I’ve been wrestling with the title of a new Food Channel show called “The Best Thing I Ever Ate”. I can’t put my finger on it, but this sounds incorrect to me . . . what is it that’s throwing me off?
Autumn’s grammatical instincts are correct. There is something not quite right with the name of this cooking show. “The best thing I ever ate” is idiomatic, but it’s not a formal English construction.
The simple past, ate, is used to describe an action that took place at a specific time. For example: The best thing I ate while I was in Greece . . .
Actions that occur at some unspecified time before the present are described with the present perfect: The best thing that I have ever eaten . . .
The present perfect may be used with unspecific modifiers:
ever, never, once, many times, several times, before, so far, already, yet, etc.
It may not be used with modifiers that indicate specific times:
yesterday, last week, when I was young, etc.
The formal version of “The Best Thing I Ever Ate” would be “The Best Thing I’ve Ever Eaten.”
But would it sell?
Fuller descriptions of the uses of the simple past and present perfect can be found here:
7 thoughts on “Television and the Present Perfect Tense”
As far as TV and marketing go, I think proper grammer is readily dropped more and more these days in favour of snappy, memorable titles that appeal to the masses.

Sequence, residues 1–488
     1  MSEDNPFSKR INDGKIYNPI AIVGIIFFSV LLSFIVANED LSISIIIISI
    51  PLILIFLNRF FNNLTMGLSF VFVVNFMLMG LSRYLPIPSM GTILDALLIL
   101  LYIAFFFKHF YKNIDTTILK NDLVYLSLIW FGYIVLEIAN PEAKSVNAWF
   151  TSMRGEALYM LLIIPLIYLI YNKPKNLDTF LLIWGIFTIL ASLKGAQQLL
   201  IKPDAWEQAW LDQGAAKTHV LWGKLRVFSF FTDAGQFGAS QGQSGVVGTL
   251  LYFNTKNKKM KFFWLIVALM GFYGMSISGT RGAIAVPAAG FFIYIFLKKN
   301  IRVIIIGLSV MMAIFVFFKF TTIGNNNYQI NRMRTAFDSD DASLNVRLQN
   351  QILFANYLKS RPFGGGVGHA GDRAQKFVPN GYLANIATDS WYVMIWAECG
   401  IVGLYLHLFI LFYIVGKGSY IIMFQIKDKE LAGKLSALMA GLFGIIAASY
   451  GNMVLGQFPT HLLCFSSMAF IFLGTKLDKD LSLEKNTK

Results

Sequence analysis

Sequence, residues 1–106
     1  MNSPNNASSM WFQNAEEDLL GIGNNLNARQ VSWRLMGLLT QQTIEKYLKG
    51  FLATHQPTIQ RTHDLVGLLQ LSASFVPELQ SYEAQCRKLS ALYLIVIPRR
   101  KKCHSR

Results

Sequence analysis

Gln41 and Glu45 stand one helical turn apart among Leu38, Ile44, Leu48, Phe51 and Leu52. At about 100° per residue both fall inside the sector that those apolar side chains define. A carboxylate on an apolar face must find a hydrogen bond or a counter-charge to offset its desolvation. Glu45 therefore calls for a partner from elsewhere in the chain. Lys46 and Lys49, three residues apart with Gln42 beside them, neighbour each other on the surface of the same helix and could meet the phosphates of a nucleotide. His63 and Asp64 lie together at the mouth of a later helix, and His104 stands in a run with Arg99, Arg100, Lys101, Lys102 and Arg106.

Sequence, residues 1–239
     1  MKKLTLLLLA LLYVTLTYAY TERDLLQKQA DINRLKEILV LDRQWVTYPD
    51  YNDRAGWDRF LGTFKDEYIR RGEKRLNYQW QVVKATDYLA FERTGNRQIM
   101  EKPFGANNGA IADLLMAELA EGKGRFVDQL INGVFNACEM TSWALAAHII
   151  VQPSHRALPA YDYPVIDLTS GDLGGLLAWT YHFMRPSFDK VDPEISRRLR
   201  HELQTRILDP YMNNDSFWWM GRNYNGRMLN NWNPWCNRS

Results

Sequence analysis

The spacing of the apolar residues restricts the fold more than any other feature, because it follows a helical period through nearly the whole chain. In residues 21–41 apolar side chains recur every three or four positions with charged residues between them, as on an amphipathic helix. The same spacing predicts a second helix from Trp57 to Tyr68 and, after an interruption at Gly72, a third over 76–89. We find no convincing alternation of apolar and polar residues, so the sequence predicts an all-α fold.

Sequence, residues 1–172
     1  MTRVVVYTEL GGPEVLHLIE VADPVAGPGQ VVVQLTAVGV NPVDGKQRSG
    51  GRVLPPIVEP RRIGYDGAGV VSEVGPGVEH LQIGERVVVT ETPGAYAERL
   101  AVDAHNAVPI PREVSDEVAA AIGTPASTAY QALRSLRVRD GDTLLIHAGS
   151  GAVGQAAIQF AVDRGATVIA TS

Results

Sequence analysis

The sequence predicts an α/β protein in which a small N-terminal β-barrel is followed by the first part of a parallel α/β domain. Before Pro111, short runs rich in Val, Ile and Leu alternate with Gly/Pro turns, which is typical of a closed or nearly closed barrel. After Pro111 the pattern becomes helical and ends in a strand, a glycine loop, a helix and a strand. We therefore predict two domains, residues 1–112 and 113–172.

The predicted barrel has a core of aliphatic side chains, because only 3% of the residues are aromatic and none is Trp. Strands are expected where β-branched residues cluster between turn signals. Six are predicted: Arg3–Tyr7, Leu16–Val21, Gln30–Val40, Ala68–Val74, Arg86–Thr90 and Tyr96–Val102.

Thank you Maeve, this really helped to clairify things – those links were really helpful too.
I, too, have noticed a general confusion about the difference between the simple past tense and the present perfect.
I have seen many sentences along the lines of “I took this trip many times.”
Other sentences simply boggle me, such as “She has ate the pizza.”
i want to download ur grammer book
On CourtTV Guests are introduced as, “The Once former,” this or that. For example, “The once former police chief of orange County,”
When they mean the, “Former,” not, “Former and now again.”
Oh, this is just slightly off the topic, but, “Beg the Question,” is used incorrectly, by one specific host on CourtTV, so often, I cannot have the channel on when she is around.
It sickens me to hear or read the word “got.” Our language is changing so rapidly and not in a nice way. For example, to hear someone say, “I’ve got a good deal for you,” when it should be, “I have a good deal for you,” pierces my ears for it sounds extremely off the wall and typical of the grunts and chest-pounding of the cavemen. It takes us back to “Me Tarzan, you Jane” mentality. Yes, I am a grammerian having taught journalism and English to hundreds of students before GOT invaded the scene. It may be too late to eradicate this word from our speech, just as the rest of our language is going down the drain along with handwriting and old-fashioned courtesies.